Q343 Dr Palmer: Do you send it to
Keir Starmer: Well, they all do
have access to it. We have been, as I have said, going round all
of the areas. It is an intense piece of work from January to April,
seeing as many staff as possible, and we have seen hundreds of
staff. We have always insisted that the staff who are closest
to witnesses and victims speak to us and we have organised for
them to do so in groups where they feel able to do so openly.
Undoubtedly, they are working really hard on this issue. They
are really proud of what they do and so are the rest of the staff
in the area. So it is something that they really take pride in
and they do get positive feedback on the individual cases and
they like that. They are more frustrated than anybody else when
things go wrong in the system that frustrates the work they have
been doing. When a case is adjourned where they work hard with
the victim and the witness to try and get them to court and reassure
them, they are really frustrated that all their work appears to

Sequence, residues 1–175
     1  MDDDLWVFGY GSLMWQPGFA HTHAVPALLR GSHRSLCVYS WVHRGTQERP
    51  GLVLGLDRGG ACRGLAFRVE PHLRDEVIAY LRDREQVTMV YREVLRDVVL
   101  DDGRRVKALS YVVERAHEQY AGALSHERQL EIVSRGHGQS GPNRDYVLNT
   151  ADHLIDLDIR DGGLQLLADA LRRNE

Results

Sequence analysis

have come to nought. So I cannot say that everybody has read every
document and could recite it as a moment's notice, but I do really
get a sense that it is really taken seriously and is recognised
to be central, and rightly.
Dr Palmer: Would it be a fair summary
to say that you feel the spirit of the pledge infuses the organisation
but the actual pledge itself has not necessarily been -
Q344 Chairman: Dr Palmer is offering
you a lifeline! Just say yes, I think.
Keir Starmer: Yes.
Q345 Chairman: Just a couple of specific
points. One is, how would you respond to concerns that the CPS
has an "institutional reluctance", two words which were
used to us, to see people with mental health problems as credible
Keir Starmer: I do not think it
is an institutional reluctance. We do recognise this is a really
serious issue. We have devised policy which is being consulted
on at the moment and we work with a number of other agencies with
a specialist interest such as MIND and Scope on this, so I do
not think it is institutional, but we have made mistakes and we